Any post is going to have some structure, even if it’s a single headline followed by the body of the text. Longer articles might have subheadlines and sections of text that help structure the post for readability.
On the web, these structures are important for making the article understandable to visually-impaired people using screen readers. Well-structured articles also help search engines more accurately index and make sense of the content. This helps optimize your website for search.
A newspaper story or a web post always has one main headline. On the web this would be your main “heading,” and it’s what you enter in the title field of a post. In HTML there are six heading levels: Heading 1 through Heading 6 (in HTML these are h1 through h6). The title of your post is always a Heading 1. For every post, there should always and only be a single Heading 1.
If your post has several sections, each of the sections should have a subheading. Think of the subheading as nested within the main heading. So each section of the post would have a Heading 2, and if that section has a subsection it should have a Heading 3.
To carry this to an extreme, which is rare but possible, your post structure could look like this:
Right after the h1 comes the lead paragraph(s) – Reminder: Don’t use a Heading 1 inside a post. The post title is already an h1.
Subsubsection text (rare)
Subsubsubsection text (very rare)
Subsubsubsubsection text (exceedingly rare!)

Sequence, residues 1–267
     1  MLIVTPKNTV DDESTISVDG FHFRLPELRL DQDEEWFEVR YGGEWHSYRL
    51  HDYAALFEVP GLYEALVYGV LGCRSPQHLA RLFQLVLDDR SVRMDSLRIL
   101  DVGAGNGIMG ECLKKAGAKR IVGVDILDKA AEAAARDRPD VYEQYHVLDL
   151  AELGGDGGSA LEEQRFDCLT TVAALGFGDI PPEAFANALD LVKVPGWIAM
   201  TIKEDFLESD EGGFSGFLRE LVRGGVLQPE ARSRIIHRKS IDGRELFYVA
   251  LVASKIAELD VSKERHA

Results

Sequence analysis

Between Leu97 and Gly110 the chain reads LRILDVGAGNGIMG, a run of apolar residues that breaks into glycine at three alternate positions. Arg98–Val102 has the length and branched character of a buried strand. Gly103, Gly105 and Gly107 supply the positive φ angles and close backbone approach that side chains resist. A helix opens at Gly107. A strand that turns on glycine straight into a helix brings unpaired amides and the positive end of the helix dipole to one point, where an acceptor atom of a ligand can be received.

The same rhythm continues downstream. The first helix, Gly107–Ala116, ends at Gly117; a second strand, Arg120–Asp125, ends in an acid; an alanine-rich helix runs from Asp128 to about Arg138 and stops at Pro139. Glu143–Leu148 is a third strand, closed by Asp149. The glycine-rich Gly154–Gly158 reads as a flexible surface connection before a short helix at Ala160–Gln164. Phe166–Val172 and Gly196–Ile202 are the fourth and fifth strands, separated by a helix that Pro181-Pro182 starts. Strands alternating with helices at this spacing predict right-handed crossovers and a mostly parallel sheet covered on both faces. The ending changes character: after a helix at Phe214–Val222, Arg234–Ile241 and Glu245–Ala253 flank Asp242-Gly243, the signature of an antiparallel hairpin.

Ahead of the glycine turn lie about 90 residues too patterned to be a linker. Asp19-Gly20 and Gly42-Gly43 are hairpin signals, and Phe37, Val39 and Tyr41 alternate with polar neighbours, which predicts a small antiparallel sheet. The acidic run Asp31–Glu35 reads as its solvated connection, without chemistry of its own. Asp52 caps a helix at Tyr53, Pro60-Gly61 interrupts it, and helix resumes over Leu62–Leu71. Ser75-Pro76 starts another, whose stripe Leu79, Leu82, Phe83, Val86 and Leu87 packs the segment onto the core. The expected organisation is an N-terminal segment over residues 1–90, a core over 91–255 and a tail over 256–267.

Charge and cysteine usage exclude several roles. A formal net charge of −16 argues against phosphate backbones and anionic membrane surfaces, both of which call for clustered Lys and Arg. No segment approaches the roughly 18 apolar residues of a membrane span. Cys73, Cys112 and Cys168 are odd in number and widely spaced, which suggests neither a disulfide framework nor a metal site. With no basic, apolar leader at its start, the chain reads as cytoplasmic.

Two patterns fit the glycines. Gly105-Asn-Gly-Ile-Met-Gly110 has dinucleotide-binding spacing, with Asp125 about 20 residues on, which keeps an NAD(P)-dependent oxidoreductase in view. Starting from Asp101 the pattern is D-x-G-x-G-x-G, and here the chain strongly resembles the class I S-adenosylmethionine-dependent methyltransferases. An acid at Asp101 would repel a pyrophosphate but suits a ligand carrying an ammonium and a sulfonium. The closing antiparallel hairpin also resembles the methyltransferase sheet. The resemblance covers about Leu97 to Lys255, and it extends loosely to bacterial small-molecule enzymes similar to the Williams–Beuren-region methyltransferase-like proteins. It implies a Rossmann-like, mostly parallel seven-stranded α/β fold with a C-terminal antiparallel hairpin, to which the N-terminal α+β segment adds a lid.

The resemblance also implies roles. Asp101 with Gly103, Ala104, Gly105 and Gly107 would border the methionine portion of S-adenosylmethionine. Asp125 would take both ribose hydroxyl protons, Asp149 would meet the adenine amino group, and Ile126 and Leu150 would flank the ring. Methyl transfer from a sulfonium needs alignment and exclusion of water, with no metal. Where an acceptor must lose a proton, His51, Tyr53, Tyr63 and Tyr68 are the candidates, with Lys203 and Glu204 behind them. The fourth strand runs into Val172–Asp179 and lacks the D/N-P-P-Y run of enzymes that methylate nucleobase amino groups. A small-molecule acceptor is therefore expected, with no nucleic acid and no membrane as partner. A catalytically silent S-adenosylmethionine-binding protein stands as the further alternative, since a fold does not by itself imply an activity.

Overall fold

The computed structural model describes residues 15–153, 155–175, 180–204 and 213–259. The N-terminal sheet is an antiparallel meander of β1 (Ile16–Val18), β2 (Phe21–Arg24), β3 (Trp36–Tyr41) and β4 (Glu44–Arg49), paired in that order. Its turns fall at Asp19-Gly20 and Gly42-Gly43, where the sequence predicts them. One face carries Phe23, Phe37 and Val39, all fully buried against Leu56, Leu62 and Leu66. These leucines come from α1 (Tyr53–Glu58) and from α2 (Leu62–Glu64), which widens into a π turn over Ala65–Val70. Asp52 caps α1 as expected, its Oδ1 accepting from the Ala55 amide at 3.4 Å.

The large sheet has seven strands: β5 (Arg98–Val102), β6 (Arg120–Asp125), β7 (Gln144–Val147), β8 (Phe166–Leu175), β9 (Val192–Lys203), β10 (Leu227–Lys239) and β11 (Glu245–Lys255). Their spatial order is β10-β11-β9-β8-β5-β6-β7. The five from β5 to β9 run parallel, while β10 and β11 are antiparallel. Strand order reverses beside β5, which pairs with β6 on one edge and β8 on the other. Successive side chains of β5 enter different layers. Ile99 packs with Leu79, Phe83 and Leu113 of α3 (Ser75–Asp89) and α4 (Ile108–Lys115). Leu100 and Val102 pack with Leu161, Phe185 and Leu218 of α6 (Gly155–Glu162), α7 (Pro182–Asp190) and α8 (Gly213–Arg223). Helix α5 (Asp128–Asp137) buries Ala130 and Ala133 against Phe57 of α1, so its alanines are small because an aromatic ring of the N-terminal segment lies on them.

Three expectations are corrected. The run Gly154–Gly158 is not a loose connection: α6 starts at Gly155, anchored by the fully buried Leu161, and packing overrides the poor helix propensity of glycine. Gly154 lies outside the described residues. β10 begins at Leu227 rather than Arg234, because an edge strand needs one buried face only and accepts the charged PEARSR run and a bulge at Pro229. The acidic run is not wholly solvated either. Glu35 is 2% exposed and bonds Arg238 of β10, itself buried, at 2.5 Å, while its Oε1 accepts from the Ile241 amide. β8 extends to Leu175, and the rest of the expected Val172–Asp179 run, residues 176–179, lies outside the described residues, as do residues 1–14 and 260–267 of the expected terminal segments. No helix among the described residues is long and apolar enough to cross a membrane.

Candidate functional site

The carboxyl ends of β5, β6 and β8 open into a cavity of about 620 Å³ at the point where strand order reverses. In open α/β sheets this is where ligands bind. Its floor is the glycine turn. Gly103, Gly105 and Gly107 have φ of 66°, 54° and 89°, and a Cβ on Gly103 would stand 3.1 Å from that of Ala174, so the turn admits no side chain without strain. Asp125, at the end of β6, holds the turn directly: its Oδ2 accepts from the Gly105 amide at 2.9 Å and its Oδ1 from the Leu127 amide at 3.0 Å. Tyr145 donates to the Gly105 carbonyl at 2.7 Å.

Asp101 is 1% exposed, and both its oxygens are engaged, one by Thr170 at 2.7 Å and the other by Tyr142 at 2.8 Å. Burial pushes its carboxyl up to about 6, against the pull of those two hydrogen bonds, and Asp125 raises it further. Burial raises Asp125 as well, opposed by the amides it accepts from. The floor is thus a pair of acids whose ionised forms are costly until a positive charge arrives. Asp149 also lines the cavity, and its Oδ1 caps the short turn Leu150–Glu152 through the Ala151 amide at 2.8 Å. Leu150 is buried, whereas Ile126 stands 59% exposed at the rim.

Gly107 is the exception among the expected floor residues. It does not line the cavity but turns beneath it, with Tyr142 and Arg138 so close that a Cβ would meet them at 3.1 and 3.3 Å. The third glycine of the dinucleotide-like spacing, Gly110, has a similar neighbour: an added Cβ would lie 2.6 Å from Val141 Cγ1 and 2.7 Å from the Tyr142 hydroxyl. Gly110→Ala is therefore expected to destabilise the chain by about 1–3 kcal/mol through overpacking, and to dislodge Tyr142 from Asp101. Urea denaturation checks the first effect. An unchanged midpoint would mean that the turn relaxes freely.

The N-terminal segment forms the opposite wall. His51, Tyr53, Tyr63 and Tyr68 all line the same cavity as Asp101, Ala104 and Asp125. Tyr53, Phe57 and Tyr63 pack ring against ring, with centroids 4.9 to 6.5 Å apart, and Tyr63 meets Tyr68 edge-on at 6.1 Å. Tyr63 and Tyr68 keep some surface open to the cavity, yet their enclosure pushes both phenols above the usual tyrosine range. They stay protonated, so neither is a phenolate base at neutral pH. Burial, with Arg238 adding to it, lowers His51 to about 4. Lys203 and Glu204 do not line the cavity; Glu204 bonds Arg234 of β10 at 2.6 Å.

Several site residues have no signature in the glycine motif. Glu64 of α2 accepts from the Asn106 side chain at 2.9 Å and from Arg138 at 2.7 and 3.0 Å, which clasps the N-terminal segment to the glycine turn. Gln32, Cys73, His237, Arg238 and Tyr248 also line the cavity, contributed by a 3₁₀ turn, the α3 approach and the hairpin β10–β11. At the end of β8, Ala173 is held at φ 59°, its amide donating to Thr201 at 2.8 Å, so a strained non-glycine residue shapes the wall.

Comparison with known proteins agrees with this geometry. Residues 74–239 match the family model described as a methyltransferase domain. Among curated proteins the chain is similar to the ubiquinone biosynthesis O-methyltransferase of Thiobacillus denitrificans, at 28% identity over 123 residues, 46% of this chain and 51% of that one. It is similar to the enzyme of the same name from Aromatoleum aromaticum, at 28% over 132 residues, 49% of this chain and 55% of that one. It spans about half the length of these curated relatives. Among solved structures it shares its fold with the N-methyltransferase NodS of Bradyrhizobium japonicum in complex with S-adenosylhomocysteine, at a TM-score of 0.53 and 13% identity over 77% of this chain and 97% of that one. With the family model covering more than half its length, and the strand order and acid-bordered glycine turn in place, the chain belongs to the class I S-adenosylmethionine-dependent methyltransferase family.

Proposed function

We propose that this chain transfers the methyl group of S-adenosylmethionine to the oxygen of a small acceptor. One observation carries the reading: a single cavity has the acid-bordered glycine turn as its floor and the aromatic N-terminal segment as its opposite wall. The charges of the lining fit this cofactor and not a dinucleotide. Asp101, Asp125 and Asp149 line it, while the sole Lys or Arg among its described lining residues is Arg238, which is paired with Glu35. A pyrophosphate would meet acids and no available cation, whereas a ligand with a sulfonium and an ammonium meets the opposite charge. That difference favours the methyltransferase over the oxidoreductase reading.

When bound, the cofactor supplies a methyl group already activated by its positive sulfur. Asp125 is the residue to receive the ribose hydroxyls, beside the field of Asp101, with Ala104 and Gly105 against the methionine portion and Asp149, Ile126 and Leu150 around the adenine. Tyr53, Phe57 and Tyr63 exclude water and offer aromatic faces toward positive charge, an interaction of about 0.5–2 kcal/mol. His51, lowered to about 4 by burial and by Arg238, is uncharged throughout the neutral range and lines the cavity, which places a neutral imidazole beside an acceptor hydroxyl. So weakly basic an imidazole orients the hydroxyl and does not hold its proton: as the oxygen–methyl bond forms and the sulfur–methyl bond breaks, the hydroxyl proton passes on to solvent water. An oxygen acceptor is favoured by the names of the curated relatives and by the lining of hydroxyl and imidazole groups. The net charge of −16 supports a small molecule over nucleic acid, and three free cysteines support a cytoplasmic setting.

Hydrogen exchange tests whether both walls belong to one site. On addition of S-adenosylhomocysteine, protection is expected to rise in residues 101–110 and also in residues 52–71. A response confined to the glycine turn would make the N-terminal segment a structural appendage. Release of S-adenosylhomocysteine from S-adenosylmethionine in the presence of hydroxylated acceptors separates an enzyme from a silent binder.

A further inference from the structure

Note that the heading fonts usually appear smaller from Heading 1 to Heading 6, although some websites have styles that don’t display smaller fonts for sub-headings. The most important thing about headings is the structural hierarchy they provide, not the visual hierarchy. Based on that structure, blind users can navigate the page, and search engines can better index the content.
Most posts don’t need more than two or three levels of headings and subsections. Just remember that if you nest a subsection within a section, you should use the heading level that follows the nesting structure.
As an example, a post with subsections could be structured like this:
What I Like to Eat (Heading 1)
This is an article about food I like. It contains several sections about this. First, we’ll talk about Fruit, then Vegetables, Snacks, and finally Bread.
Fruit (Heading 2)
Fruit tends to be pretty good, depending on things like ripeness etc. Some fruits tend to be juicy and other fruits are actually crunchy. Let’s examine these two kinds of fruit.
Juicy Fruits (Heading 3)
Oranges and watermelon are examples of juicy fruit. If you drop a watermelon from a tall building, for example, you will see just how juicy it is. Be careful if you do this not to hurt people.
Crunchy Fruits (Heading 3)
Apple and pears tend to be crunchy in general. Sure they have juice too, but mostly they go “crunch” when you eat them so I’m calling them crunchy fruits.
Vegetables (Heading 2)
As we always tell kids, you should “eat your vegetables.” You can grow your own vegetables, or buy them somewhere but that costs money. Here are some types of vegetables I like.
Green Vegetables (Heading 3)
Peas, green beans, cabbage, lettuce, brussel sprouts, are all characterized by the color green. It’s a good color for vegetables.
Red Vegetables (Heading 3)
Radishes are mostly red, as are tomatoes. You can also find red squash and probably other red vegetables. Wait, are tomatoes vegetables or fruit? I always forget.
Snacks (Heading 2)
So aside from vegetables and fruit, I like just about anything that comes in a snack package of some kind. We could explore different snack types at some length but we’ll leave that for another time.
Bread (Heading 2)
Bread is so useful for sandwiches, french toast, and other things made with bread.
So that about covers what I like to eat.
How to Add Headings in a Post
Just select the text you want as a header, and click the text formatting drop-down menu to select the header level you need: